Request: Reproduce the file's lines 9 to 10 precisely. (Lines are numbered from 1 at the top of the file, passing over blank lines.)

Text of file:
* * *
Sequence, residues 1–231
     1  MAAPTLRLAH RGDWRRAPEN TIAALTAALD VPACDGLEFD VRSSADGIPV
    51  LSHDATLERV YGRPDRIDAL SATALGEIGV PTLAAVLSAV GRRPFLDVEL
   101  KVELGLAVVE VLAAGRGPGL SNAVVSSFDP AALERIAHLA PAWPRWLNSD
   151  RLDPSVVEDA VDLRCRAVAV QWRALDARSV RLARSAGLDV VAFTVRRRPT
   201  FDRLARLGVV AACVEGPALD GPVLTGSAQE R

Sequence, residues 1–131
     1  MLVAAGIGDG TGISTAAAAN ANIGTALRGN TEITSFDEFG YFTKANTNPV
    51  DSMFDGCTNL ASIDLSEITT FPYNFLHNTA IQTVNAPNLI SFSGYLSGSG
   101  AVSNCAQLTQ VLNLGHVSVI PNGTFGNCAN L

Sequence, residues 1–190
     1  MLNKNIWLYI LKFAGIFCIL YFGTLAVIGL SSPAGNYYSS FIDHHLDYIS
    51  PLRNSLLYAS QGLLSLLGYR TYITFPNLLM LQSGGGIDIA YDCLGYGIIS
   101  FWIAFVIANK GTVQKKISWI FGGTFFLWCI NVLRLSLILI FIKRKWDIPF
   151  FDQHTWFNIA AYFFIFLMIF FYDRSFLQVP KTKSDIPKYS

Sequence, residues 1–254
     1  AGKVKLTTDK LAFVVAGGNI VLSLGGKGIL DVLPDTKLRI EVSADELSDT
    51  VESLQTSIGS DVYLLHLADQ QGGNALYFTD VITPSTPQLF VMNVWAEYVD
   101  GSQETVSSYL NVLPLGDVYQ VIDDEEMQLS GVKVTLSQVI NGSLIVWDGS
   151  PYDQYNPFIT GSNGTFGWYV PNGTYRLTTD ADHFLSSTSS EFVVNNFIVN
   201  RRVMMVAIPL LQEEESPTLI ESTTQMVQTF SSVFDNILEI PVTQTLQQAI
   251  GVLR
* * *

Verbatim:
    51  DSMFDGCTNL ASIDLSEITT FPYNFLHNTA IQTVNAPNLI SFSGYLSGSG
   101  AVSNCAQLTQ VLNLGHVSVI PNGTFGNCAN L